To locate the ulnar nerve in the forearm, one can trace the artery proximally until the nerve becomes visible in the mid-forearm located medial to the vessel.  Some investigators feel that ultrasound-guided blockage of the ulnar nerve is easiest at this location.(1) Here, the ulnar artery, which is in close proximity to the nerve, facilitates sonographic detection but is starting to move away from the nerve, potentially reducing the risk of arterial puncture.  Blockade at this level may also improve chances of providing anesthesia of the dorsal and volar sensory branches of the ulnar nerve, which branch out about 5 cm above the wrist.(2)



Figure 3: Sonographic image of the ulnar nerve at the mid-forearm.


Video clip 1:  Video clip of ulnar nerve block at mid-forearm.

A high-frequency (10-18 MHz), linear array probe is used with appropriate depth adjustment. The needle is preferably inserted in an in-plane orientation, from the ulnar aspect of the transducer.  This allows continuous visualization of the needle along its entire length. About 3-5 cc of local anesthetic is injected and paresthesia should occur within 5-15 minutes.



Figure 4:  Image of the probe and needle position for ulnar nerve block at the mid-forearm.



Ulnar Nerve Block – Elbow
In the absence of ulnar nerve dislocation, the ulnar nerve lies in the cubital tunnel on the medial aspect of the elbow. The ulnar nerve can be easily located in the groove between the olecranon and the medial epicondyle.  The probe orientation should be transverse and needle orientation in-plane.



Figure 5: Image of the probe and needle position for ulnar nerve block at the cubital fossa.

 



Figure 6: Sonographic appearance of ulnar nerve at the cubital fossa.



However, It is postulated that the ulnar nerve can be compressed in the poorly compliant cubital tunnel by large volumes of local anesthetic. Therefore, injections at this site should be limited to 3-5 cc’s to minimize the risk of a compartment syndrome. To avoid this risk completely, the ulnar nerve can be blocked a several centimeters above the elbow. The nerve is identified in the cubital tunnel and traced proximally into the distal or mid-upper arm. At this site the nerve is superficial and surrounded by soft tissue.



Figure 7: Image of the patient set-up and probe and needle position for ulnar nerve block at the distal humerus.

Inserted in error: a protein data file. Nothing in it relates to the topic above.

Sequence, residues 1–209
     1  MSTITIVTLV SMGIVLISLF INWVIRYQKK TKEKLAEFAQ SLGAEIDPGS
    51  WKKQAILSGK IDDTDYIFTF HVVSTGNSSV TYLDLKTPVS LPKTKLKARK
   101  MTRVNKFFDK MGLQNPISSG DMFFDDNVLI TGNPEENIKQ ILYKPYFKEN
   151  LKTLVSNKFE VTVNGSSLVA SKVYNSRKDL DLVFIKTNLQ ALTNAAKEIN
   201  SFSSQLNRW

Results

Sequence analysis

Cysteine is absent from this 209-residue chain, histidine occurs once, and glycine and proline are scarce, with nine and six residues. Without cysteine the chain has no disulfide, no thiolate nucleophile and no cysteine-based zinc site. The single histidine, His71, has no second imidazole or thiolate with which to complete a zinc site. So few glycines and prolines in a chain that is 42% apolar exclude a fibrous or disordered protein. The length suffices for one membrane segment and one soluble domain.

Figure 8: Sonographic appearance of ulnar nerve at the distal humerus.


A high-frequency (10-18 MHz), linear array probe is used with appropriate depth adjustment. The needle is preferably inserted in an in-plane orientation, from the ulnar aspect of the transducer.  This allows continuous visualization of the needle along its entire length. About 3-5 cc of local anesthetic is injected and paresthesia should occur within 5-15 minutes.



Video 2: Ulnar nerve block above elbow.

 


Video 3:
Ulnar nerve block above elbow with out-of-plane approach.

Pearls and Pitfalls

When using an out-of-plane approach, injecting small amounts of anesthetic can help localizing the needle tip.
A convenient location for blockade of the ulnar nerve is the mid-forearm.  This location combines the ease of visualization, ability to block all terminal branches and minimal potential for vascular injury.

A superficial ulnar artery may join the ulnar nerve as distal as the wrist and complicate anatomical orientation. (1)

References

1. McCartney CJ, Xu D, Constantinescu C, Abbas S, Chan VW.
Ultrasound examination of peripheral nerves in the forearm. Reg Anesth Pain Med. 2007;32(5):434-9. Erratum in: Reg Anesth Pain Med. 2008;33(2):188.

2.  Gray AT, Schafhalter-Zoppth I.
Ultrasound guidance for ulnar nerve block in the forearm. Reg Anesth Pain Med., 2003;28:335-339.

3. Loewy J.
Sonoanatomy of the median, ulnar and radial nerves. Can Assoc Radiol J. 2002;53(1):33-8. Review.

4. Kathirgamanathan A, French J, Foxall GL, Hardman JG, Bedforth NM.
Delineation of distal ulnar nerve anatomy using ultrasound in volunteers to identify an optimum approach for neural blockade. Eur J Anaesthesiol. 2009;26(1):43-6.